Friday, September 2, 2011


Hi again.  It’s Bea Bell here asking you a question.  Do you remember the Texaco Service Man?  You know, the service station attendant that would come out to put gas in your car, check the oil, and wipe your windshield?  For those of you who don’t remember this, once upon a time there was such service.  I remember that service man, and I miss him.

What I actually mourn is the death of customer service.  In the gasoline business of today self-service translates to no service. The death of the notion that customers should be treated with some respect is rampant.  If customers are dissatisfied with the service they receive, who cares?  The motto—the customer is always right”—is true only if you can shout loud enough, complain long enough and write a letter to the right person. 

How much does rude customer service bother me?  Let me count the ways.  

Have you ever gone on line for a product or service, but can’t quite maneuver around the web site?  There is usually an email address to contact the company and I admit that most sites are quick to respond. However, by the time that some of the companies do answer you’ve gotten someone else to figure out the problem, or you just don’t care anymore.  Now the object of having an on-line computer business is to have it on line—I get it.   But if you can’t get around the website because it is poorly designed or you are computer illiterate, you need to talk to a human being.  If you work really hard and want to spend hours searching the web site, you may eventually find a telephone number. There are some cases, however, where it will take hiring a private detective to get a phone number.

Whenever I call a business, I make sure I have the entire day to make the call because in all likelihood I’ll end up in telephone hell.  You know what I mean. It goes like this:

Thank you for calling (insert any company name).   Please listen carefully because our menu options have changed.   (Like it makes any difference; you won’t get to talk to anybody no matter what option you pick).  

After fooling around for 15 minutes trying to pick an option because none of them are what I really want, I call back because I figure maybe I didn’t hear my option.  Here is where they trick you. They don’t give you an option to talk to a live person.   But, I figured it out one day when in my frustration I shouted “OPERATOR!”  Now here is where telephone hell really gets hot.  The robot voice says that it is transferring your call, and you are put on hold for an eternity only to have the robot eventually disconnect you!

For a long time this type of treatment really ticked me off, but no more. I’ve learned to play by their Rules To Make Customers Suffer.  I now have snacks, sandwiches, drinks and the television remote on hand. When I hear the robot say, “Please stay on the line, your call is very important to us” I laugh hysterically.  I know they don’t mean it, but I can wait them out—for hours if I have to.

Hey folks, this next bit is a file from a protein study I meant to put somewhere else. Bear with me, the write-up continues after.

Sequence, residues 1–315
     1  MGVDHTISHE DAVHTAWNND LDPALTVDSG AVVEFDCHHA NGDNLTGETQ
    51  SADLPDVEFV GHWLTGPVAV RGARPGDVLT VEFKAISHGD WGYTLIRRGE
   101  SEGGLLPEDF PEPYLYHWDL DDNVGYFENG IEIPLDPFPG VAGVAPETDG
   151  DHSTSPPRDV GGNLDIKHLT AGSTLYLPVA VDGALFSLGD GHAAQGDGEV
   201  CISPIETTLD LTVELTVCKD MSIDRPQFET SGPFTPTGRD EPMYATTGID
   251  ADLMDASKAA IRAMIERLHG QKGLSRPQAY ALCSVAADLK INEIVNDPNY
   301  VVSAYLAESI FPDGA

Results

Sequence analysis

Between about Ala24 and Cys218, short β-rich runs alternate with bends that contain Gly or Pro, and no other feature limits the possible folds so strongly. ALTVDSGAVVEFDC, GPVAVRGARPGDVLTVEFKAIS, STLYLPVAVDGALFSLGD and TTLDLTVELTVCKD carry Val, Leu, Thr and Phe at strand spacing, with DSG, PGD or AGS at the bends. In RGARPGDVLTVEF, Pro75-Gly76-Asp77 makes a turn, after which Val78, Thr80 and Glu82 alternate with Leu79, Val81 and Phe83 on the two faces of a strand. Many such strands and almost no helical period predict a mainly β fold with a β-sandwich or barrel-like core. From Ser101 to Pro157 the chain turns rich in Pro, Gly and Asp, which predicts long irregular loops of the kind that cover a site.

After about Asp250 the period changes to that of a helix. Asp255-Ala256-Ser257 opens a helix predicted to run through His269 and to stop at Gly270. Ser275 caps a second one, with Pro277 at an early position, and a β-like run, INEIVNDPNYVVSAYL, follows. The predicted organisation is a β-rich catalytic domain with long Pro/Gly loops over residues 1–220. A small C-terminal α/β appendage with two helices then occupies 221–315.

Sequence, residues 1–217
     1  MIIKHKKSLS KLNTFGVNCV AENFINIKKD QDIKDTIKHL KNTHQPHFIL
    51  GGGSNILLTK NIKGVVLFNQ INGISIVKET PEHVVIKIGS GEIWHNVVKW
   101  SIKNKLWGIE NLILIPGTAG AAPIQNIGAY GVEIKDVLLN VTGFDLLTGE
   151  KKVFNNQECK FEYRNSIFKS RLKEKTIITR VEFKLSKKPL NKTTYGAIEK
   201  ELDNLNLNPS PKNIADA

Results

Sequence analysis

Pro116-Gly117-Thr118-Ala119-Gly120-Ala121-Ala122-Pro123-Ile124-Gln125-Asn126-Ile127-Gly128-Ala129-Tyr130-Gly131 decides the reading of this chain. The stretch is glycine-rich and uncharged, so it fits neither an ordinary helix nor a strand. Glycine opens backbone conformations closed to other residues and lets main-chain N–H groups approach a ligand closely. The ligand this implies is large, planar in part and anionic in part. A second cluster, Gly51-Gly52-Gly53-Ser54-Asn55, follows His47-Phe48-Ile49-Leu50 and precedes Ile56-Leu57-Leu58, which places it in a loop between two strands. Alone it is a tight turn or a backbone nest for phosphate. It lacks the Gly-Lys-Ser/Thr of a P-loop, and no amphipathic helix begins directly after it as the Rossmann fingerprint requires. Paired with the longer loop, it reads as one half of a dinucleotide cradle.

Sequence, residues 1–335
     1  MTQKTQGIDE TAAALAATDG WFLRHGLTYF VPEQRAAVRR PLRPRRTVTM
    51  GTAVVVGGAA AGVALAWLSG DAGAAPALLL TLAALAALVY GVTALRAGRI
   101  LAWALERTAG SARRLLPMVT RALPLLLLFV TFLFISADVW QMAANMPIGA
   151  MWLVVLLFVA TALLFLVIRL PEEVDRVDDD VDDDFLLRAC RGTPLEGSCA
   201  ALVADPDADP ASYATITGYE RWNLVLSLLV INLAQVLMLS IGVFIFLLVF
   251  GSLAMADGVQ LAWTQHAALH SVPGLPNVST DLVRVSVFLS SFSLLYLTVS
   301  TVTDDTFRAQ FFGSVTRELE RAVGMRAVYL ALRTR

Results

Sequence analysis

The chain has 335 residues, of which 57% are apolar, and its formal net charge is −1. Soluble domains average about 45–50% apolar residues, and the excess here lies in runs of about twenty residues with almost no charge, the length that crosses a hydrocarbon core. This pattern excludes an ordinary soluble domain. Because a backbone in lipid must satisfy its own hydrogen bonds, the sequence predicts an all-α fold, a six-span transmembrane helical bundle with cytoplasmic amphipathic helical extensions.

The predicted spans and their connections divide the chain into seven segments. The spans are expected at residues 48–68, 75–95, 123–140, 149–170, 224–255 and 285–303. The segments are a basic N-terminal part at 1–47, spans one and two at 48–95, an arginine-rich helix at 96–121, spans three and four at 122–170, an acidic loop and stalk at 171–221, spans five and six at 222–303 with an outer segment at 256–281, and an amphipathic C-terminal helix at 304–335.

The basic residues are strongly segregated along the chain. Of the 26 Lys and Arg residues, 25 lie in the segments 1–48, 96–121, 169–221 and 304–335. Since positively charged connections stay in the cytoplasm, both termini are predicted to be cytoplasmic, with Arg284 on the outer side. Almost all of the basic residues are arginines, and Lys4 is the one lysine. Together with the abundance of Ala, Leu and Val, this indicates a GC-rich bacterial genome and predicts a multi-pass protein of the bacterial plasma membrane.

Another situation that pisses me off is walking into a store and making a complete tour of the place before I can find a salesperson.  Here’s another blast from the past:  once upon a time sales people, actually knew something about the product their customers wanted to buy. Not now! When I finally find what I want—with no help from the salesperson—and head to the cashier counter, I only pray there is not a power outage and the computer goes dead because these days no one knows how to count.  I was in a store when the computerized cash register died and the clerk could not count my change!  She looked in horror at the dysfunctional register, frantically punching the register buttons with one hand and clutching my money in the other one, but it was her lucky day.  Before I could say anything, a little ten-year-old girl standing nearby with her mother quietly stated the correct amount that the cashier should give me.

Change doesn’t always mean progress. Right now, as I curl up on my sofa preparing to make a call to yet another business, I’m thinking about the Texaco man with his pearly white smile, broad shoulders and ever- ready squeegee. I can’t help but sigh. I miss the man. He really knew how to service a girl.

Click below to see exactly what I’m talking about, and then muse on it.

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